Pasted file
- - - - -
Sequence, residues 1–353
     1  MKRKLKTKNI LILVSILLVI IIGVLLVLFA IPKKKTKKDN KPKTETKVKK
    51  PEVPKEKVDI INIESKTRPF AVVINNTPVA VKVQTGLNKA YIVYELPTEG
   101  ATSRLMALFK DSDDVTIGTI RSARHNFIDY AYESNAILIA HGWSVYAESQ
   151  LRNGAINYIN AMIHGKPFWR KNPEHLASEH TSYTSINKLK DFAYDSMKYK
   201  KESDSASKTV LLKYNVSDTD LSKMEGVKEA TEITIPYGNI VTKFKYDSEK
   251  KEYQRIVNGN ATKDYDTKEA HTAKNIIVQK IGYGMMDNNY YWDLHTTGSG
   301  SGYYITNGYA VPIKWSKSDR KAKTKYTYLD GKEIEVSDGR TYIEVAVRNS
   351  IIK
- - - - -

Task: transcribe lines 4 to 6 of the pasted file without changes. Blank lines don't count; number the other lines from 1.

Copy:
   101  ATSRLMALFK DSDDVTIGTI RSARHNFIDY AYESNAILIA HGWSVYAESQ
   151  LRNGAINYIN AMIHGKPFWR KNPEHLASEH TSYTSINKLK DFAYDSMKYK
   201  KESDSASKTV LLKYNVSDTD LSKMEGVKEA TEITIPYGNI VTKFKYDSEK